Side Event – “Victim’s right to be heard: How to strengthen victim participation in the Arab World” (hosted by Lawyers for justice Libya))

Overview by Abby Roberts, Research Associate PILPG NL


  • From the perspective of Libyan civil society, the main barriers to victim participation are the lack of utilization of Arabic in preliminary proceedings and on the ICC website as well as the lack of effective implementation of arrest warrants.

  • Potential solutions to alleviate the low levels of victim participation are workshops and extended trainings around what the ICC is and what its processes.

  • There are frustrations within civil society as it has had to pick up the slack on behalf of the court for victim outreach

This side event was a panel discussion hosted by Lawyers for Justice in Libya and centered on the topic of victim participation. The panel members were as follows: Tareg Ben Ramadan - Representative of Libyan civil society, who works in Libya to document war crimes and crimes against humanity; Fadi El Abdallah - Head of Public Affairs Unit at the ICC; Philipp Ambach - Chief of Victim Participation and Reparations Section of the ICC; Alison Smith -  Legal Counsel and Director of International Criminal Justice Program at No Peace Without Justice; Paolina Massidda - Principal Counsel of the Office of Public Counsel for Victims. The panel was moderated by Elham Saudi - Lawyers for Justice in Libya.

Tareg Ben Ramadan’s opening speech was about perceptions of the ICC in Libya and the reasons for these perceptions. He described the victims’ perception of the ICC as relatively distrustful, saying we view this perception in the minimal number of victims that have actually come forward. He cites one of the main obstacles to victims reaching out to the ICC as the language barrier before trial in receiving complaints and admissibility hearings, as Arabic is underutilized. Other barriers include the general lack of understanding regarding what the ICC is and does, as well as navigating the website which is only available in English and French. The barriers to victim participation also impede the ability of civil society to function alongside the ICC. Documentation, which is a role of civil society and vital to the function of the ICC proceedings, is difficult to do given the victims’ distrust of the ICC. He offered the following as potential changes to facilitate victim participation: finding ways to use Arabic in pre-trial proceedings and on the website, capacity building workshops and extended training for civil society and victims regarding what the ICC is and what its processes are, and potentially opening a representative office in Tunis.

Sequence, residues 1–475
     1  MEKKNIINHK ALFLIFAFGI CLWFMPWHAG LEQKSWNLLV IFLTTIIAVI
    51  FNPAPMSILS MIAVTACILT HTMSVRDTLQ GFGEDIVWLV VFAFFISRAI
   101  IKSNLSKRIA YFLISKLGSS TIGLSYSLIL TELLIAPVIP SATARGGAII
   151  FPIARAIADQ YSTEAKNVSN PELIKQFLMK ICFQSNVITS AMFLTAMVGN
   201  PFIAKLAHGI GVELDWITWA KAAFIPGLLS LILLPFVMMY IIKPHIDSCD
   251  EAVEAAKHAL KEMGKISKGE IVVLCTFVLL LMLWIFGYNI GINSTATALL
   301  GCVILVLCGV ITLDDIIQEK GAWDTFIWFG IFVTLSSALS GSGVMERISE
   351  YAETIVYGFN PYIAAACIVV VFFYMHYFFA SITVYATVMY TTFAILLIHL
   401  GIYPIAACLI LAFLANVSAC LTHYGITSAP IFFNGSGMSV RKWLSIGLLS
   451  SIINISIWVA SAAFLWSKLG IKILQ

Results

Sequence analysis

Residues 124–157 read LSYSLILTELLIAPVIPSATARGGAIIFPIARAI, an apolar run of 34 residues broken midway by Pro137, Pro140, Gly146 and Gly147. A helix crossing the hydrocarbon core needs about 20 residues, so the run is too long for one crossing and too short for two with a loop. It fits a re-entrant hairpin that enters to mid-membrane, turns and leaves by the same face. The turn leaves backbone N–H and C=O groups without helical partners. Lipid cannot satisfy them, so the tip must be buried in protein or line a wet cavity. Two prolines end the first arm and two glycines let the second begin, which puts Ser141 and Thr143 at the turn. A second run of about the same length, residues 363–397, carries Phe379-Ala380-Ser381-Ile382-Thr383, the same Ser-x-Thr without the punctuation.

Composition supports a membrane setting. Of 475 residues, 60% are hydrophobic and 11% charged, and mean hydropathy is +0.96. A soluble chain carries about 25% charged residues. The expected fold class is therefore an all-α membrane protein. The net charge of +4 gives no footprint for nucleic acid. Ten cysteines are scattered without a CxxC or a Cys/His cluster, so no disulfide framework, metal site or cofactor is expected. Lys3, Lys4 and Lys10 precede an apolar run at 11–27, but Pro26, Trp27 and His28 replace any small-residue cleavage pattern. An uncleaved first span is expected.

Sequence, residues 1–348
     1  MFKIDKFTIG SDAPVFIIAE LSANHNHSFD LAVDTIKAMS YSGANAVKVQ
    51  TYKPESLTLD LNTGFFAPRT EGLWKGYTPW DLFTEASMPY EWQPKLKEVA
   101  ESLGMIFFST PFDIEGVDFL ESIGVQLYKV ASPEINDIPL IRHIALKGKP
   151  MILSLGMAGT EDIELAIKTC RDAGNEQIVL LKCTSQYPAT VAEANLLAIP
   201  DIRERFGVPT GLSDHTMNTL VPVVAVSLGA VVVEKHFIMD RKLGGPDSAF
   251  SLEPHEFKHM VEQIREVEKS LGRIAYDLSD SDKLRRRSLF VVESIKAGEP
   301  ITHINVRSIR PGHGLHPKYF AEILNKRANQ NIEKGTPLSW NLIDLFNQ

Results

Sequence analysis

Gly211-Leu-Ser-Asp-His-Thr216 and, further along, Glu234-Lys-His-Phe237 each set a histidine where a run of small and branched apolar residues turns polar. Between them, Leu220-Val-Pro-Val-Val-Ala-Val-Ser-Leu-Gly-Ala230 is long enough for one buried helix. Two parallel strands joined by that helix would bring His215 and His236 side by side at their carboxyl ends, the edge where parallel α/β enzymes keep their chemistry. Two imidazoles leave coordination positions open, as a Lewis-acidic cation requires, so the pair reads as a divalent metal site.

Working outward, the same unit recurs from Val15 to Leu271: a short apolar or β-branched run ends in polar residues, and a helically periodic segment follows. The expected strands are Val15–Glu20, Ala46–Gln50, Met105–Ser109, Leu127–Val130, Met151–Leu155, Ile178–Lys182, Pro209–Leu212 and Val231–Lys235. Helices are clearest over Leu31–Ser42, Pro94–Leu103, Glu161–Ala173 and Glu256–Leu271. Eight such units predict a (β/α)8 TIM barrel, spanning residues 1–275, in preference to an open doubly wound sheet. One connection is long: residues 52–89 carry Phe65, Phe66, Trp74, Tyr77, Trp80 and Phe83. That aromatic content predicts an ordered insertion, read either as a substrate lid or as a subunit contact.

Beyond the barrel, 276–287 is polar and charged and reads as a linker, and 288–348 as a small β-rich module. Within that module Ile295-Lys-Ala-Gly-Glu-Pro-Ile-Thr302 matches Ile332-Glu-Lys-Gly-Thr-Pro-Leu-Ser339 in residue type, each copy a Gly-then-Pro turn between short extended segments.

Fadi El Abdallah spoke of the ICC’s outreach capacity. He opened by saying that 
public information of the ICC is intended to be accessible on a global scale, and for that reason, French and English are used in court proceedings and on the website. He tries to engage on a pan-Arab level with relevant media sources as well as written newspapers and academia. However, he is the only one on the Public Outreach team that speaks Arabic and recruiting anyone else would require further resources. El Abdallah says the ICC is doing what it can with the resources it receives. With regards to the use of Arabic, he makes the point “If we start with Arabic, why not continue with other languages?”. The ICC simply does not have the resources to do so. Furthermore, the website will need to be updated in future with changing inclusion of the crime of aggression and this will affect the translation.  To try and overcome this, He emphasizes the need to focus the ICC’s limited resources on cases where Arabic is relevant to make the case materials available in Arabic.